Rather than focusing too narrowly on creating ‘shareable’ content, perhaps as marketers we should be looking to connect more deeply with people’s emotions, argues Lisa Collins, public relations manager at social media agency We Are Social.
What makes people share content?
I’m not the only person to ponder this question. The New York Times conducted a study ‘The Psychology of Sharing: Why People Share Online’ with a group of self-proclaimed heavy online sharers, who revealed what motivates them to share with others.
- 85 per cent say reading other people’s responses helps them understand and process information and events
- 73 per cent say they process information more deeply, thoroughly and thoughtfully when they share it
So we could conclude that as humans the act of sharing helps us to comprehend more deeply, but the question still remains…why?
The study concluded that “sharing is all about relationships” and “trust is the cost of entry for getting shared”. According to the research marketers should “appeal to consumers’ motivation to connect with each other — not just with your brand”. They recommend that we “keep it simple…and it will get shared…and it won’t get muddled” and we should “appeal to their sense of humour” and “embrace a sense of urgency”.
But how does this really help us when it comes to creating content that motivates people to hit the ‘share’ button?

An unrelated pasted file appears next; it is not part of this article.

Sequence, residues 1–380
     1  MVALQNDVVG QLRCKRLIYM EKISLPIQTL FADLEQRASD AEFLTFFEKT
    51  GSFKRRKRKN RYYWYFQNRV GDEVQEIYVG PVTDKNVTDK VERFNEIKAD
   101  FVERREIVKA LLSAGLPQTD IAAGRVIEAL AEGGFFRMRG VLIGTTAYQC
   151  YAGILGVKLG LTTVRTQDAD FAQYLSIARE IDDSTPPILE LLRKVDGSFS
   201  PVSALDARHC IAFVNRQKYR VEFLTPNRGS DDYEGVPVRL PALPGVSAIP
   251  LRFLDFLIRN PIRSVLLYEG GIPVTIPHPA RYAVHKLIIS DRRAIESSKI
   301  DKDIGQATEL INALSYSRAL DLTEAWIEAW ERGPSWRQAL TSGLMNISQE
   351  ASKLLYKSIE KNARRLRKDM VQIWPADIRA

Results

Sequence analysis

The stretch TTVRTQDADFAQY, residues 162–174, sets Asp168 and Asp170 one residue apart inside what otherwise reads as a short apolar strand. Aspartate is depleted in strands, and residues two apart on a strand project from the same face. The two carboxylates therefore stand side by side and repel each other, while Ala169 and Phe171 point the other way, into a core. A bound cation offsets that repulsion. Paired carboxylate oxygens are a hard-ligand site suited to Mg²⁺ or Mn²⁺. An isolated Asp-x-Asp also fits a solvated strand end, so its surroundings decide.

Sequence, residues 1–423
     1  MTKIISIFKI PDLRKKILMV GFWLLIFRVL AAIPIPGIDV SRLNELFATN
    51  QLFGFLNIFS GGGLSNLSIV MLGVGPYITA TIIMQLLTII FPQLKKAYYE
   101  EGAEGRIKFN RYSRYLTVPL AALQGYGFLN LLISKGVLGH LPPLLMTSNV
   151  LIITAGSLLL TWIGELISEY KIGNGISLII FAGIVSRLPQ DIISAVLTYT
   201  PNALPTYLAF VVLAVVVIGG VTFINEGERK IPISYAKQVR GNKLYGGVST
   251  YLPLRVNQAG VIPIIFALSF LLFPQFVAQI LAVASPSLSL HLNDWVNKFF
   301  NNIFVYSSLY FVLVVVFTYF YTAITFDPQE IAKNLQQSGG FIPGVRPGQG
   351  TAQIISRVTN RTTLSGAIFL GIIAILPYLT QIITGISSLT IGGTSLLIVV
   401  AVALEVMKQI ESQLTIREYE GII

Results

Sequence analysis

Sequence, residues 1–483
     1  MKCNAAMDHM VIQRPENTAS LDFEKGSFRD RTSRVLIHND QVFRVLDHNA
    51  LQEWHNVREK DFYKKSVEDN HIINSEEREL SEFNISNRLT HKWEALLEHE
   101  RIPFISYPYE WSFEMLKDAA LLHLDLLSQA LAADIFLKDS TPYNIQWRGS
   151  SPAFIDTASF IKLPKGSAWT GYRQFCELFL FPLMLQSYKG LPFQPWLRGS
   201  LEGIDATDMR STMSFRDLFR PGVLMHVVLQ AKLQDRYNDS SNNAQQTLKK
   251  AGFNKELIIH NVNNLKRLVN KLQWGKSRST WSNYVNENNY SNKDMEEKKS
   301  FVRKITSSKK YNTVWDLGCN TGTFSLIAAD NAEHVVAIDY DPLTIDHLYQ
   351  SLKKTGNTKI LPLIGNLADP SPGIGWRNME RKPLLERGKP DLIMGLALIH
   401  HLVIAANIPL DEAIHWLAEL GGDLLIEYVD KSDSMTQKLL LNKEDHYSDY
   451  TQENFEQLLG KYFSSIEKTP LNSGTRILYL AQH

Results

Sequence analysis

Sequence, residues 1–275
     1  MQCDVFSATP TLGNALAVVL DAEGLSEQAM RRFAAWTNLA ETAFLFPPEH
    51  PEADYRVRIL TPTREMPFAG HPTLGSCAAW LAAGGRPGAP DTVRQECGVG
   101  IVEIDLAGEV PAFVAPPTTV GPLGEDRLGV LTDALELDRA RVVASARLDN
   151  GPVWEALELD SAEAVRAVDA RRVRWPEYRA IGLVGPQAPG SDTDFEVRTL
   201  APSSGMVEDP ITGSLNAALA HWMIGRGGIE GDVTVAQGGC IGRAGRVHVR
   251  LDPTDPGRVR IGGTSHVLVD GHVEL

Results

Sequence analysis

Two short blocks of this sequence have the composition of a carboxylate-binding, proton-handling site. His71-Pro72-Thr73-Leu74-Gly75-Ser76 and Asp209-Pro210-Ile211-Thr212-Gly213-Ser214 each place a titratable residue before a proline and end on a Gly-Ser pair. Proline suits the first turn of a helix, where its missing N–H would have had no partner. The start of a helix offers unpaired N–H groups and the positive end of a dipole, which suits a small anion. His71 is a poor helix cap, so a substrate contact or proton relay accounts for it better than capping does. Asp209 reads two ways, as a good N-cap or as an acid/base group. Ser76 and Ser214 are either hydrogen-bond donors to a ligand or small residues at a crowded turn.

Perhaps a study by the University of Pennsylvania can help unlock the puzzle. For six months researchers studied The New York Times list of most emailed articles, checking it every 15 minutes. The study revealed that readers preferred to share positive rather than negative articles and upon deeper analysis researchers concluded that there was an element of ‘awe’ that seemed to permeate the shared articles.
The Penn researchers defined the quality of awe as an “emotion of self-transcendence, a feeling of admiration and elevation in the face of something greater than the self”.
They used two criteria for an awe-inspiring story: Its scale is large, and it requires “mental accommodation” by forcing the reader to view the world in a different way. “It involves the opening and broadening of the mind,” writes Dr. Berger a social psychologist and a professor of marketing at Penn’s Wharton School and Dr. Milkman, who is a behavioural economist at Wharton.
So is it possible to inspire awe in our audiences? Perhaps that is a lofty ambition, however, there may be something to be learned from these studies.
In his analysis of The New York Times study social media guru Jeff Bullas claims there are five reasons that we share content with others:
1. To bring valuable and entertaining content to others
2. To define ourselves to others
3. To grow and nourish our relationships
5. To get the word out about causes and brands
Rather than focusing too narrowly on creating ‘shareable’ content, perhaps as marketers we should be looking to connect more deeply with people’s emotions. If trust is indeed one of the core values we need to foster with our audience, then it makes sense to spend time developing sincere relationships with our communities.
As we know, developing trust takes time but the benefits can be huge. By helping communities develop their own sense of identity we can hope to share their emotional motivations and tap into the fundamental nature of ‘awe’ – that “feeling of admiration and elevation in the face of something greater than the self”. If we are less focused on ourselves and more focused on earning the respect of the group we may just become awesome and in doing so, become eminently shareable.
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